US Navy Develops Self-Powered Robotic Jellyfish



robotic jellyfish
In March of 2011, we reported on Pentagon efforts to develop robotic spy devices that could mimic animals like hummingbirds and insects.
Now, the Navy is well on its way to developing a robotic jellyfish that can whisk through the water using nothing more for fuel than the very ocean water around it.
The realistic, robotic version of the moon jellyfish is able to take in oxygen and hydrogen from the seawater around it in order to produce a chemical reaction that forces its platinum-coated nanotubes and nickel-titanium memory-shape alloy to extend and contract – just like the body of a real jellyfish.
The movements pushes water out of the bell-shaped body, creating a jet of water that propels the jellyfish forward. The researchers pointed out that not only can the robot produce motion from the seawater-fuel, but it produces nothing more than water vapor as waste.
CNET first reported on the robot on March 21st, and noted that the robots could potentially be used by the Navy for “surveillance and environmental monitoring.” (1)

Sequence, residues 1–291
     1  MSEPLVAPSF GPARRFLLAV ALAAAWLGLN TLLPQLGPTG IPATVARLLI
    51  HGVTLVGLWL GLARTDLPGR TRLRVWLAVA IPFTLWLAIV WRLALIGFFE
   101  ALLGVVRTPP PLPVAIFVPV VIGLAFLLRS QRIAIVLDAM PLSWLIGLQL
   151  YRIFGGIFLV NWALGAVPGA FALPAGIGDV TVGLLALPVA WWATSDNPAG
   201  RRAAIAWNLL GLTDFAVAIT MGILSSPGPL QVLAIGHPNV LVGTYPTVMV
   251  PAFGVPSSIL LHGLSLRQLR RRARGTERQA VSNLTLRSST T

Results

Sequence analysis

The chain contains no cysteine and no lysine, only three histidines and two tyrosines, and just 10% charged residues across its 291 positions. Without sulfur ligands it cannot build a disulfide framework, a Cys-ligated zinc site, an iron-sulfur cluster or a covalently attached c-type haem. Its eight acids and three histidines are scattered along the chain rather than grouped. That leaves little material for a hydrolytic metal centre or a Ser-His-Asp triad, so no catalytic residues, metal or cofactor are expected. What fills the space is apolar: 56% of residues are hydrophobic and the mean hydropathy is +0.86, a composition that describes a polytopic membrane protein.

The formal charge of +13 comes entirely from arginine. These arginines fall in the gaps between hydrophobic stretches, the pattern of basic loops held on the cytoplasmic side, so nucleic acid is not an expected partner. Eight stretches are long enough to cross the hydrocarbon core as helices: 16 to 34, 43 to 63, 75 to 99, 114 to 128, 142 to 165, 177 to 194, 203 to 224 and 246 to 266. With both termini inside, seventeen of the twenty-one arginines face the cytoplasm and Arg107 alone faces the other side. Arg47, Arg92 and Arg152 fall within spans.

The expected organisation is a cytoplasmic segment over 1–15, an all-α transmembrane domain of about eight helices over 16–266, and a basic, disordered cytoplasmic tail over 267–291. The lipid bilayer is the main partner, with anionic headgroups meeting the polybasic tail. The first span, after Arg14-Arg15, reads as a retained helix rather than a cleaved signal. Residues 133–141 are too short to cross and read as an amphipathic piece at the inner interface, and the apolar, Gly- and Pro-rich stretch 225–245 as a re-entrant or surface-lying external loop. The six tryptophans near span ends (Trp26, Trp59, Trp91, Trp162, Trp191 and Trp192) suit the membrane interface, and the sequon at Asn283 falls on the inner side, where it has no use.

The robots are just another line in a series of developments from the military to replicate elements of nature for a wide variety of purposes.

Practical Uses for a Robotic Jellyfish

It should be noted that Navy facilities were not directly responsible for developing the jellyfish robot. The Navy funded researchers at a variety of tech schools including Virginia Tech and the University of Texas.
The project was a collaborative effort to produce, as project researcher Yonas Tadesse told reporters, “…the first successful powering of an underwater robot using external hydrogen as a fuel source.”
The work was funded by the U.S. Navy Office of Naval Research. One of the researchers, Alex Villaneuva of Virginia Tech, left no question as to the ultimate purpose of such a robot. Alex stated that the jellyfish will be used for “surveillance purposes.”